[00:00:00] Aric Tucker: This episode is brought to you by the new D9 Business Directory shot, greek owned brands from a variety of categories and if you are greek, author or business owner at your profile today at D nine business dot com honoring those trailblazers who preceded us is just as important as leaving a legacy for those who will follow us. Greek lee speaking is about highlighting Greeks today who are creating positive change for tomorrow. We hope you enjoyed this episode. Mhm Hi, welcome to Greekly Speaking. I'm Aric Tucker and joining me for this episode is author and entrepreneur. Warren Galloway of Phi Beta Sigma Fraternity, Incorporated Warren was initiated in the λ γ chapter 5 80 signal 1985. He spent over 14 years in the banking industry at an executive level and because of his experience in the field, Warren has made numerous appearances on various media outlets. One of his more notable ventures, the micro loan conference is a national annual event that focuses on micro lending. Brother Warren Galloway, thank you for joining us on greek lee speaking, how are you doing today?[00:01:20] Warren Galloway: I'm doing phenomenal, Thank you for inviting me to be, I guess[00:01:24] Aric Tucker: the pleasure is all ours and we are delighted to have you spend a few minutes with us. We noticed some content that you were posting and generating out on social media and some of the initiatives that you had going on. And we just had to try to reach out to you to see if we can connect and just touch base with you and learn a little bit more about your brand and, and, and we're going to get into all of that, trust me. But as you know on greek lee speaking first we have to know who we're dealing with. I don't care what executive you are, we gotta get a little bit about your greek background, man. Did you have any greek influences in your life coming up?[00:01:58] Warren Galloway: So, so the irony of it is that I became a member of phi Beta Sigma without having any greek influences in my life run up. And I say that because I'm actually a legacy, my father plays lambda chapter 1964 and my father was a civil rights leader down in Mississippi and he loved Mississippi and get involved with the black power movement. So as a result, my father really didn't talk a lot about his sigma life when he was at Virginia Union, he was always saying as a school fight song and he would talk about the civil rights movement, but he never really talked about black greek life for him as a student at Virginia Union. But I remember seeing his yearbooks and I seeing people standing in line, but none of that meant anything to me. I remember school days, that's what I, you know, I remember[00:02:47] Aric Tucker: school days,[00:02:48] Warren Galloway: But when I stepped on the campus of Central Michigan University in the fall of 1980 80 for met a gentleman named Jeffrey Malloy who end up being like a mentor to me on campus and he just so happened, he was a sigma, but I didn't know what the signal was, so it didn't really didn't mean anything to me. And then he started introduced me to all his friends and come to find out they are with signals. And I was like this P Wi school, 300 blacks out of 16,000 students and the sharp brothers on campus. And hey, I started asking him, hey, I'm looking at this upper class and like, hey, you know, hey, when you guys get together, I would love to just hand, you know, it wasn't fraternity thing. I mean, it was just some intelligent smart brothers. They were in the school of business, which is where I was planning on going into, they were on the basketball team, they were on the football team, they ran track, they were the science department or the education department. It was just a phenomenal group of black men that I just wanted to be around. And then they had these 40 young ladies around campus following and they were sick, my sweetheart. You know, I was like, okay, my, and then my, my girlfriend, first semester became a sick mystery head and I'm like, okay, well this must be a really good organization. But you know, I watched these guys and then watched out for me and help me out when I, whenever I need to help. So it was me that with the jump and say, you know, if you guys have anything, please invite me. I actually went to the step show. I saw signals that still didn't make the connection. But when I went to that smoker as we used to call him back in the day, I left out there, like I'm pledging immediately and at that time you can play as a freshman. So I was 18 years old when I went online, I was 18 years old when I crossed and I played that next semester and that was March 30, 1985 36 years ago.[00:04:40] Aric Tucker: Wow. So you don't as they say, terry long when it comes to making your mind up. Once you see what you like you go for it. Huh?[00:04:47] Warren Galloway: Exactly. And it wasn't until I was going through my probate stage that I came home, we had spring break and I was telling my mother that was joining us returning call five sigma and she said, well you know your dad is a sigma what they were separate at the time. So I called him up and tell him on pledge and he was all excited. And then I say you know what people look at his yearbook because his college yearbooks were still there and there was his mind and he was, he was detail on this big line at lambda chapter. And then after I crossed he sent me a picture of the following year's yearbook, which I have all of those yearbooks myself now of him as a brother. And so I played without any influence of my father because I played the right organization.[00:05:31] Aric Tucker: Wow man. Uh yeah, I've been there man. I had a cousin named Zeta. I just thought it was a cool name. I didn't know that. Her dad, my uncle man. Just, you know, he plays at the exact same university. I did. I had told the brothers, hey, I don't have any, maybe Greeks of the family. I didn't know but come to find out after the fact his real name was my line named Romeo. And, and, and we, you know, it was just, it was eerie man. So I, I know that feeling that you and your dad must have had sharing in that experience man. So, so how many brothers came in and and cross with you?[00:06:08] Warren Galloway: We started with five, ended up with three. The other two brothers actually were transfers and so they a little bit older than me. I was a freshman and they were going into the junior year and to this day we're still tight both professionally, all of us are doing well. It was just a blessing to not only become a member of phi beta sigma but to have line brothers that also had great aspirations and have been able to achieve them as fathers, as community leaders and as professionals. The other thing too and which I didn't know at that time, but I know now because I trapped and started in 79 I placed in 85 so they were still young. We had about 20 something brothers on the yard Since 1979. We've graduated 99 of the brothers who have come through our chapter,[00:06:53] Aric Tucker: wow, it's[00:06:54] Warren Galloway: like if you play a sigma at central michigan lambda Gamma chapter, you will graduate. And it wasn't like we were telling brothers to graduate what it was, we would, they will watch us graduate year after year and then you get that drink cause I remember going to graduation ceremonies and seeing the older brother's graduate, like man that's gonna be me next. So really how we walked and talked on campus influence how we did in terms of excelling on campus and graduating and, and we still have that legacy going on to this day with the brothers that are on the yard.[00:07:25] Aric Tucker: But you know, that speaks to that worth of example, right? When you know, sometimes the most powerful message is the example and the image that people that you don't even know see when they're looking at you and the organization and the company that you keep. I think, I mean just listening to you share that story about how you notice the friends that, that your buddy had, right and not knowing at the time that they were fraternity members. Right? So, you know, it's example, everybody's watching you, you know, So that that is good. Okay, so three of you guys went over and what, what number were you?[00:08:01] Warren Galloway: I was number three. Originally I crossed at number one. I made sure we crossed at 10:59 p.m. March started 1985. I let us across the burning sands. Okay,[00:08:14] Aric Tucker: I hear a story behind that bad, but let me start with this question, what was the name of the line?[00:08:19] Warren Galloway: Hannibal's five was the name of the Lion after the great black warriors who defeated the romans and with such a rich name because we felt that we were part of royalty and that, you know, we were going across this burning sands,[00:08:33] Aric Tucker: the[00:08:34] Warren Galloway: like Hannibal defeated the the romans with his unique fighting style. And that's how we looked at things when we're online that we're gonna have this unique line, that's going to make sure that we crossed that Bernie sands.[00:08:46] Aric Tucker: Okay, okay and what was your line name?[00:08:49] Warren Galloway: Silk? That was my, you know, back then we had those corny names. It was Silk used to have a pledge to say greetings my brother Silk. Too serious with this is the single sigma phi beta sigma fraternity corporate is to you sir that the blue and white will make this right and we too can be established, you know, that's all that kind of corny stuff like Okay, so we[00:09:09] Aric Tucker: are, we're going to have to go ahead and launch a greeting contest[00:09:12] Warren Galloway: because[00:09:14] Aric Tucker: I had an optometrist or not long ago[00:09:17] Warren Galloway: he was you[00:09:18] Aric Tucker: know, straight laced and he hit me with something called Chocolate thunder. Let me hear that one more time.[00:09:24] Warren Galloway: Grand brother Silk. The serious will this thing is gentlemen, five days returning corporate through you sir, that the blue and white will make this right And we two can be as down as[00:09:33] Aric Tucker: you[00:09:34] Warren Galloway: Forehead 36 years later. I still remember. I should remember a lot of the chocolate brothers greets. That's what's crazy, wow[00:09:44] Aric Tucker: man. I might have to have that as part of your intro or your episode man. This is awesome. Okay, so you're at this as you say, P wi your central michigan. What kind of community service projects were you guys known for man other than academics man? Which is awesome that you guys were all, you know, focused on that.[00:10:03] Warren Galloway: Oh, we had a harvest drive. You see, I remember this because I was so engaged as a young brother because what I didn't tell you that, I mean I graduated in four years. I place I graduate in four years. I got into the School of business after my sophomore year, but I had such great role models and when we talked about time value, that to me was time management and I manage my time well to ensure that and I was on a full academic scholarship to money so I had to maintain good grades, but I still was able to get involved in the community activities. We have, we we did the harvest drive where we collect the canned goods for the community. Had a large at the time of a reservation, indian reservation. So we would collect goods and donate to the reservation and now it's a huge casino back there which is a reservation. We adopted this young man who is biracial at that time. And up in my pleasant, you know, at the time I had 1% african americans living in the community. We adopted him and mentored him while we're on on campus. We did scholarships, we did cancer walks. I mean we just did a lot of activity amongst all the school work that we're doing and the brotherly activities were involved.[00:11:10] Aric Tucker: That is some pretty heavy service and you got to love that, that you guys were focused and that in tune with what was going on on campus and in the community. One final question in that space. If you were to meet someone who was considering going greek, whether it was fraternity or sorority, what advice would you give them?[00:11:27] Warren Galloway: You know what? My son who was president of Detroit Sigma Beta club for three years, They elected him three times and I ran the Sigma Beta club. We have 50 young men in there and I had no influence on him getting elected, but they saw the leadership qualities that were in him. He's a sophomore now at the University of Toledo and people say, well, is he going to play a segment? He's made it very clear if you pledge anything, he will definitely play a sigma. But what I would tell him is you got to think about who has invested in you, okay, who has been there and mentoring you, coaching your, providing scholarships and supporting you and it's been nothing but sigma. And so if you're going to join the organization, if you have gotten that type of support from members of a greek letter organization, why would you look at someone else? If you had such a great opportunity? I'm talking about providing job leads for you, tangible things that impact your life. Now, if you haven't had that experience, then what you do is get to know the members and see what do they bring to the table that not only you will benefit you, but what you can also contribute as wealth to those members in those future. Members that are coming to your organization. Because there's a give and take. You know, most people say, well, I want to see what they're doing well. What can you do? Can you can you can you network with those brothers? Because I tell people the fun part is when you're collegiate brother, But the real hard work is when you graduate and guess what can that brother help you get a job? Is that brother going into a career that you might be interested in? You know, is that brother going to make sound decisions when they get out of the community? Are they gonna be community leaders? Now, sometimes it's kind of hard to see that at the collegiate level because some people turn their lives around, but you, you know who the brothers are there going to be successful and going to impact the lives of many people. Those are the type of brothers you want to be around. If they're knuckleheads, trust me, some of them will turn around, but if you're not go ahead now, probably a number here for a very long time. Do you want to be involved with it? Are they causing rockets on campus academically? Are they doing well? You know, I want to be around brothers that have potential and can grow from and the older brothers can they meant to you, can they support, you know, I'm not a party, not a step shop, we're talking about, you are going to college to get an education so you can have a career, what impact would they have? So if it's me, I want to know what impact you're gonna have. How can I network re where's your alumni chapter? Who's in your alumni chapter? That's in the career of one and two that who can help pull me over that fence where they say he ain't heavy. Those are the things I look for. You gotta ignore the parties, You gotta ignore all the rhetoric and get down to what that organization can really, how it can impact your life. And I can tell you Sigma has impacted me in incredible ways because I made the right decision. But to this day, those mentors I had when I was 18 years old, I'm 55 now, there's still my mentors to this day. So that's why I know I made the right decision.[00:14:26] Aric Tucker: That is awesome, man. And and that's really what it's about because you have to, when you look at investing in yourself,[00:14:33] Warren Galloway: the whole[00:14:34] Aric Tucker: concept of self improvement, you know, whether it's enrolling in a college or university, that's a business decision. One of the first ones that you're going to make, and you have to learn how to market yourself, but you have to give people in your target audience some content worthy enough to be sold right to your point. You know what you do to build your career is part of everything you do every day, your experiences, your circle, because people what are watching you? There's a young warren, Galloway Junior watching you right now. Right, So that's what it is.[00:15:11] Warren Galloway: Yeah. So listen here, at the beginning of the pandemic, when everybody was struggling, all of our love nights came together and we put together a life skill workshop that went over eight weeks. We had a brother and a different specialty that was training people and motivating people through this pandemic. We went on and launched an endowment at the University of First Black Greek organizations, a sub and endowment at Central Michigan University for scholarships for incoming freshmen students on campus. But these are the things that I learned from them when I was 18 years old. And so reinvesting back into your brother's, Reinvesting back into your school and making a better future for those who follow behind you. And that's why I say they still mentored me to this day at 55 years old. And that's just such a blessing because I know the things that I saw at 18 far exceeded my expectations once I became a member of the organization.[00:16:07] Aric Tucker: So beyond college, obviously you have that business background, spent several years in the banking space, but now you have your own company, presidency of your own brand. Talk to us a little bit about your company and tell us about the motivation behind it.[00:16:22] Warren Galloway: So I was one of those corporate young men coming up through the ranks. My banker career was just phenomenal. I just made the made the right decisions. But once again had a strong foundation, had the right mentors around me Sigma's and non sigma's and I reached the point where I crack that glass ceiling in corporate America actually ran the entire department E trade uh went to Virginia in the D. C. Area. I decided the very short period of time that no longer wanted to be in corporate America. So I came back home. I started a small business where I would help with housing developments and I would help with with small businesses would negotiate funding deals. I came back and I really went back to the people that I helped out for many years when I was here in the Detroit banking community and they started hiring me and from there that was in 2005. I have not looked back since. I've grown now. My company, which is worn gallery and associates to being one of the top business plan writers were now on capitol strategist. I'm known for helping for getting funding for small businesses. And all of that led up to me doing a few things, one becoming a published author. We talked a little bit about that, but also being an advocate for finding resources to put back into our low to moderate income communities to support business ownership. I've now become the face of that. When we talk about Michael linden, I'm known as being the micro lending expert, which led me to start hosting the first ever national microphone conference in 2019. I put that on all by myself except for the day of I needed somebody. And when we had that conference I brought together some of the top Michael loan lenders, some of the top bankers Plus entrepreneurs. I had 350 people in my conference for two days, had 70 workshops over two days and 70 speakers from across the country. They had never had this type of lending conference focus on connecting entrepreneurs to those who would lend money to them to help support them starting businesses in this country. That's an incredible, incredible experience. And it all started for me being in banking and decided to become an entrepreneur and become the face of micro lending.[00:18:43] Aric Tucker: You know, it is so timely that you're sharing that that story. You recently joined the D nine Business Directory which features business owners and entrepreneurs such as yourself. But one of the first challenge is that business owners have is funding that we hear a whole lot during the pandemic about p. P. P loans and these grants and all of this. So I was happy to hear that you touched on funding in general. So I mean it's really good to see you in that space providing that knowledge and that insight. I want to touch a little bit on the publications that you have, you know, check out your website man and just great content. What services specifically do you provide and and outline in your book that can help that new business owner.[00:19:24] Warren Galloway: So I've written 12 books since 2016, it's crazy. I've published four books in the pandemic and six of the books are focused on supporting entrepreneurship, six various other subjects. But when we talk about the business books, I wrote the first resource book of Michael lenders in michigan. If you need a mike alone, you buy my book and bam all the resources that are in there. And in that book also show you how to apply for a microphone. I that's going to be an annual publication. So what I did,[00:19:59] Aric Tucker: I[00:20:00] Warren Galloway: pulled out the resource book and I create my second book, microphone book, which has nothing but resources in but took that section where it shows you how to apply for mike alone. And I wrote a new book called How to successfully a platform microphone. That's a powerful book, because it shows you all the steps you need to take in order to put yourself in the best position to get a yes declination on a loan application. I do workshops on that exact same subject and I talk about those steps in detail. It's a powerful workshop and I believe I have it on my website as well, but in the book you have it in your hands and really the steps I teach you to really question that you asked of all the lenders that you want to speak to about getting funding to see if they are right lender for you, not only that lender interviewing you, you need to be interviewing that lenders that lend it might not be a good fit. And then I worked with another business partner minds, we jointly wrote a book about basic questions and answers about entrepreneurship. I have a series of books called Tennessee steps to start a business michigan edition and I have to. Energy Steps are starting their business youth edition. I'm in the process of finishing up 10 easy steps. Start to starting a Business Veterans edition. I'm doing I'm doing all 50 states, I'm doing a veteran version, I'm doing one for the visually impaired, I'm doing the spanish version. I look at it as being a dummy books. Okay, my tendency steps is gonna be something like that micro[00:21:27] Aric Tucker: lindy for dummies. I love that analogy man, you know one question I have and and I want to get into the bookshelf that that we have coming up to, but when is the right time to start thinking about funding? As you start to formulate your business[00:21:43] Warren Galloway: immediately, you need to start thinking about what is it that you can bring to the table to get your business started. Then you need to determine how much will you really need to successfully launch your business And if there's a gap now you got to think about how am I going to fill that gap between what I have, which can be my savings, which can be the earnings I get from the job I'm working right now. Which could be some investments, your own investments, but also investments of others who want to invest in your business. How much do you have? Once you find out that you have a gap now, you need to look at other resources and other resources could be a micro loan. It could be a traditional bank loan. It could be what we call a community loan. Community loan is Organization that lends more than 50,000, which is the maximum microphone, but less than what a bank will lend. They kind of feel that gap of lending. Do you need to do a crowdfunding campaign? That's that's another option for you. Are you going to use your tax returns? So you need to start thinking about how much you're going to need to launch your business. But guess what the reality of it is. And I tell business owners this all the time, you really don't know what you need for your business and to write that business plan if you do not have a business plan, which is the road map, you've been able to operate your business because in your business plan or financial projections, if you do not have a business plan, you you're just winging it, it's a hustle. But then no one is going to take you seriously. But once you get that business plan and I guess that's what not everyone is going to sit up and you've got their attention because you put it in black and white, you're going to present it to them, whether it's to a lender, whether it's to an investor or now because covid 19 they have all these grant programs. You might have to submit it to get a grant or something like that. So early on, you need to determine what you need in terms of capital to get that business started. And also not just get the business started because I think there's this misconception that all I want to do is get my business started and I flip my money back into the business. It's not quite that easy because the reality of it is you're going to have these projections in your business plan And you think you're gonna make $1 million dollars that first month. Well, guess what, at that ground open, You're gonna make a lot of money. But what we have to worry about is that next following monday when you really have to promote and market your business and get people to come to the door and guess what? Yeah, those projections look good, but you might fall short. What are you gonna do if you fall short and while you're doing the strip your money back into your business, there's gonna come a time where your expenses all right, gonna be far exceeding your revenue. So, I talked to business owners not only get enough money to open your business, but let's talk about working capital. Okay. Maybe it's gonna take based on your business plan. Maybe it's gonna take 3-6 months before your revenue exceeds your expenses. Well, guess what? You need to be able to cover your expenses. You need to pay your employees, you need to buy supplies, You need to do marketing. So when you go out and you're looking for capitals and launch it, let's think about working capital and take that and put that on top of your original need. Now, what is working capital? Working capital is, take a look at your expenses for about 3-6 months, depend on how long you want working capital for total that. And put it on top of your loan. And guess what that information is. It's in your business plan. So you can't do anything in terms of identifying how much you need for your business until you get that business plan does,[00:25:03] Aric Tucker: it's part of the blueprint, right? Most lenders are gonna want to know that you thought things through. They're gonna want to see the evidence of that and they want to know that the numbers make sense, right projections or otherwise. Where can we find most of your publications?[00:25:18] Warren Galloway: So most of the publications you get from me speaking, you should be to go to www dot warren Galloway associates dot com. And my bio, which were also linked to my business website is Warren Galloway dot com. So if anyone wants to see some of the workshops that I've done, I have all my videos on that. I collect everything when I speak. I collect all my videos and I put them on my website because you know as people say I try to give nuggets and I like to share those nuggets because I need to people around you. People support the system. So that information is free on my website Warren gallery dot com.[00:25:54] Aric Tucker: But what's next for you?[00:25:56] Warren Galloway: What's next for me is the show, my new show doing business with Warren Galloway. I'm excited about it because you know I've always envisioned myself eventually being on tv but when someone approached you which someone did and said let's hear I want to have a T. V. Show for you and that's what happened about a year and a half ago. That's what I'm excited about just taking me to another level. And also will allow me to get more of this information about access to capital and Michael linden and community linen to hopefully thousands and millions more people who need to know this information because here's the thing we didn't talk about this. One of the reasons why I'm a big big advocate of micro lending and getting it into a load of modern income communities is the ripple effect of supporting entrepreneurship. Give an example if I live in a low income neighborhood and I decided to open up a business and I get a micro law. Michael only help jump start me getting that business started. The ripple effect is now I might be the higher disenfranchised people from the community. I. E. Returning citizens, you seniors, low income people, they will have a place to work and earn some money to be able to now fix up their home. Or if they're renting they after working for a while they can look at purchasing a home and guess what those young kids that they have there watching this mama and daddy are walking to work or they're riding their bike to work because the job is in the neighborhood. So in my generation coming up in Detroit a lot of people left and never came back. But the impact of you circulating dollars back in community and employing people and communities that those young kids see this and guess what they're thinking like oh when I go to college I'm coming back home because I want to open up a business right down the street from where my mother and father working because I see that neighborhood coming back, I want to be part of the revitalization, so it helps retain talent. And now you begin to see the investment back into the community and the community come back and they come back stronger than ever before because large corporations are not going to go into the low income neighborhood. It would have to be entrepreneurs that we support right now. They're willing to take that risk and open up a business and keep those dollars circulating in the community and creating more jobs.[00:28:14] Aric Tucker: And what happens when you're not only hiring people in your community, but you're actually influencing people in your community to do the same thing that you're doing right, They're going to seek that expertise and then you create that network, right? And you know, I'm excited for all the businesses you have a chance to touch and help. But you know what, I'm the most excited for your son because he has a positive black role model that he can look up to man. And I hope that image permeates throughout the pandemic. I hope we can use imagery like that to give a pandemic a vaccination and just make A whole lot of 400 years of yesterday's go away and I believe it can happen because you know, we didn't always have direct access to the concepts that you're speaking on.[00:28:58] Warren Galloway: Well thank you. And you know, one last comment, I think it's important for the viewers to know that it's not all doom and gloom during the pandemic, it's actually a chance for opportunities. And I know of african american businesses that are thriving in the pandemic, they just create the right model that would fit in this pandemic and thrive. I got a business owner called Detroit Soul african american family owned restaurant owned by two brothers. Their model was fit for you know, carry out deliveries and I'm helping open up a second location in the midst of a pandemic, they're thriving so well, so no, you don't have to take this journey entrepreneurship by yourself, that there are individuals like myself that are spread across the country who are passionate about what we do, but more importantly we want to support you and being successful and turning around your community, providing economic opportunities as well as jobs for people who live near where you're going to have your business.[00:29:59] Aric Tucker: Hey that is the sign of an exciting future and a culture that can adapt is one that will survive and I think you speak very well on that topic man and once again, thank you for taking a few minutes to share with us your greek journey mr smooth as silk[00:30:17] Warren Galloway: uh[00:30:20] Aric Tucker: or in Galloway. Phi Beta Sigma Fraternity, Incorporated man. We appreciate you sharing your subject matter expertise and that micro lending space and don't hesitate to let us know when you have more exciting news coming up in the future. Okay,[00:30:36] Warren Galloway: definitely. Well thank you again for allowing me to be on your show.[00:30:39] Aric Tucker: Our Pleasure. Have a good one.[00:30:41] Warren Galloway: You as well. Take care.[00:30:48] Aric Tucker: Yeah. Mm.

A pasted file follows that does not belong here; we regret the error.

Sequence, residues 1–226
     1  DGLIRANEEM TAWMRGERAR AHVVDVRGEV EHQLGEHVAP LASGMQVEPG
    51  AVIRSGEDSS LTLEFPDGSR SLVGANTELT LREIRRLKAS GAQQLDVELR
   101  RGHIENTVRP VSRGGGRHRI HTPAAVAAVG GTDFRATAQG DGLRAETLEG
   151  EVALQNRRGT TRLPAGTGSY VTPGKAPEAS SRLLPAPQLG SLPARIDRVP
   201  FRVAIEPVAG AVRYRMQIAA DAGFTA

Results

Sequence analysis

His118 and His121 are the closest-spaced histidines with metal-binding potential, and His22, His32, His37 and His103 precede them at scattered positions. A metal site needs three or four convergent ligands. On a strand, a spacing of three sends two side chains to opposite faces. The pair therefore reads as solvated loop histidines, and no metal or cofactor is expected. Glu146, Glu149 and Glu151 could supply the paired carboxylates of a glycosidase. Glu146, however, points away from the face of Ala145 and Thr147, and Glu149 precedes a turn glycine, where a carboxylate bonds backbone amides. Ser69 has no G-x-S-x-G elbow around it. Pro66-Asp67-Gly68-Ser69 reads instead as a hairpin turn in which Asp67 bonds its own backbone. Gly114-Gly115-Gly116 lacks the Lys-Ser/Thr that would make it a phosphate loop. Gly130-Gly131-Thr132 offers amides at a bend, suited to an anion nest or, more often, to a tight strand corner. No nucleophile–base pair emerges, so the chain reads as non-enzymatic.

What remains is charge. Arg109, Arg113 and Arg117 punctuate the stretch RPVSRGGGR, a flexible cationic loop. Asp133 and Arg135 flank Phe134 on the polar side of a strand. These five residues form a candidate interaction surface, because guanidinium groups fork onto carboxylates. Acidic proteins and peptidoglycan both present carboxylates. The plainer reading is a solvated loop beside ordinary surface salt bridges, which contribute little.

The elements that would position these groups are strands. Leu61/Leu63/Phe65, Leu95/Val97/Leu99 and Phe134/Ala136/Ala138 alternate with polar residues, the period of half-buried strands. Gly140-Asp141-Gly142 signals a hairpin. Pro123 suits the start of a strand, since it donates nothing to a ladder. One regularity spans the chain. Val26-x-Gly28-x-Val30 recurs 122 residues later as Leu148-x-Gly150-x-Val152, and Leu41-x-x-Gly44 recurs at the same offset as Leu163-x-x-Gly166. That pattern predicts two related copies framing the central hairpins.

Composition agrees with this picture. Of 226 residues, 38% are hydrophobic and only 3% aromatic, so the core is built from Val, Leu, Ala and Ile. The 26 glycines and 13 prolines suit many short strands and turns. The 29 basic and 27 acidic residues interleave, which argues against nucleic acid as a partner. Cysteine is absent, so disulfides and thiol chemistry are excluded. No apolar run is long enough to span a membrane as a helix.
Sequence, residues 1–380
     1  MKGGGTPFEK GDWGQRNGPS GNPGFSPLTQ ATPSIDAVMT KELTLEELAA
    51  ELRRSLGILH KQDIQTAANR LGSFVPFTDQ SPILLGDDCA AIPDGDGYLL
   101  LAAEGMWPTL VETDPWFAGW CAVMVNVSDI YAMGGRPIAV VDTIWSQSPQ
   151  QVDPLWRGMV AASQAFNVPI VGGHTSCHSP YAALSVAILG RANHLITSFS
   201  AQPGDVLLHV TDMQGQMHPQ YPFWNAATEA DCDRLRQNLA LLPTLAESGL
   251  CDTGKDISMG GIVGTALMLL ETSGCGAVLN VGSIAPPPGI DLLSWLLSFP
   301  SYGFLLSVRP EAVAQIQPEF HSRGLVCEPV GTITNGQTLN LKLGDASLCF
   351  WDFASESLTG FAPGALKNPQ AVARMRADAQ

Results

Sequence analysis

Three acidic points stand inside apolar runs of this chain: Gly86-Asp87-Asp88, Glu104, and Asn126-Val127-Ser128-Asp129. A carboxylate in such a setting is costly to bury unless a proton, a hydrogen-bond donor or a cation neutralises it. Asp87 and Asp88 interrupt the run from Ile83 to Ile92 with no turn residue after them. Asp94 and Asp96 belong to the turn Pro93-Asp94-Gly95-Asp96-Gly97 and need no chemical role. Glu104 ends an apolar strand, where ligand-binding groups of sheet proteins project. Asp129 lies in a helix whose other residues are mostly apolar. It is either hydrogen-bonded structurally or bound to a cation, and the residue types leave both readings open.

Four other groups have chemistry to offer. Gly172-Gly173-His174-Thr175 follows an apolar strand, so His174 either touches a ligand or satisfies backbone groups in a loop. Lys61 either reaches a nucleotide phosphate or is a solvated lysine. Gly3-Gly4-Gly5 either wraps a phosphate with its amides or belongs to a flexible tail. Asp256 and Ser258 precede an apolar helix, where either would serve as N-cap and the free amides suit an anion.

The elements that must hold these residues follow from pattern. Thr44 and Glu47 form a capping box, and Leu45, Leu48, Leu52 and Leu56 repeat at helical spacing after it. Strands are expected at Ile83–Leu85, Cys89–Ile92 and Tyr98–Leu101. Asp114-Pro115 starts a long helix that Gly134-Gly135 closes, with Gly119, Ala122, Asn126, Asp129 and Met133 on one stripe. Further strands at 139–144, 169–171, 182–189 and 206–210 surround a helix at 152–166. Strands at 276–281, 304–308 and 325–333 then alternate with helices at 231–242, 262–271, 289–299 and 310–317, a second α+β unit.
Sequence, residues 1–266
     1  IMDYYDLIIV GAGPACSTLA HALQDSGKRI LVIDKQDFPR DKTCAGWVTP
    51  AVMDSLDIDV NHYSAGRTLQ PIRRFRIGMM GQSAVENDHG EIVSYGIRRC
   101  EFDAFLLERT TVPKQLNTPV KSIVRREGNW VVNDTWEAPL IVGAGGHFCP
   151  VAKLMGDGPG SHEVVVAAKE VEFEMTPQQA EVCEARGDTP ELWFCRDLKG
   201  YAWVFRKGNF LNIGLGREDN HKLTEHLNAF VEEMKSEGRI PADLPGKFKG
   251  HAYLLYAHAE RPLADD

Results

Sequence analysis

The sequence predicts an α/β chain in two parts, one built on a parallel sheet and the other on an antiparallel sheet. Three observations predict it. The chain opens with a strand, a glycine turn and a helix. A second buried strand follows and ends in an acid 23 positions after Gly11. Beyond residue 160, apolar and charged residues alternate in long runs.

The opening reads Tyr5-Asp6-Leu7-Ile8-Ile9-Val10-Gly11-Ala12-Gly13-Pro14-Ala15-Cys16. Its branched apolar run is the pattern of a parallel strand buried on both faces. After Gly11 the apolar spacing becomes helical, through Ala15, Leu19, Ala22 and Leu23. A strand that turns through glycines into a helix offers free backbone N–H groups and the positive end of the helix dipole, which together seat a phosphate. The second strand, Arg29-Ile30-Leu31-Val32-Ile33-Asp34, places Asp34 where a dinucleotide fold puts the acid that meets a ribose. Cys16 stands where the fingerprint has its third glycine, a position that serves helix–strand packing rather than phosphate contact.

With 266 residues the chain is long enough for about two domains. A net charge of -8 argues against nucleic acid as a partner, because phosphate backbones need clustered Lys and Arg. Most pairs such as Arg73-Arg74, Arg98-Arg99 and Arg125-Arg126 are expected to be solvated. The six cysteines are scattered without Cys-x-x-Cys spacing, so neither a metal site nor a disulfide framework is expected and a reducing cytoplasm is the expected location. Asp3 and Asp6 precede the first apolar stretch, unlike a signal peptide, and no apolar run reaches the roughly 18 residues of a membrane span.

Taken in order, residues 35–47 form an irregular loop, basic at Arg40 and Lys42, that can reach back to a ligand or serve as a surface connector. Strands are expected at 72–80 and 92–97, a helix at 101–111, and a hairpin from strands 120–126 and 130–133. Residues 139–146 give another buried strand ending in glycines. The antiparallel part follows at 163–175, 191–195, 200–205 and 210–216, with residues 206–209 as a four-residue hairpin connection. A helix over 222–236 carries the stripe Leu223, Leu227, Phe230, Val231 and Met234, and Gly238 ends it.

14 minutes | Apr 26, 2021
Faith Manning of Zeta Phi Beta Joins Greekly Speaking
Faith was initiated in the Kappa Gamma chapter of Zeta Phi Beta in 2007 at Fisk University. She holds a Bachelors of Music in Pipe Organ Performance and a Masters in Higher Education and Administration. She shares information on her exciting new fitness brand @BBWSWorkout.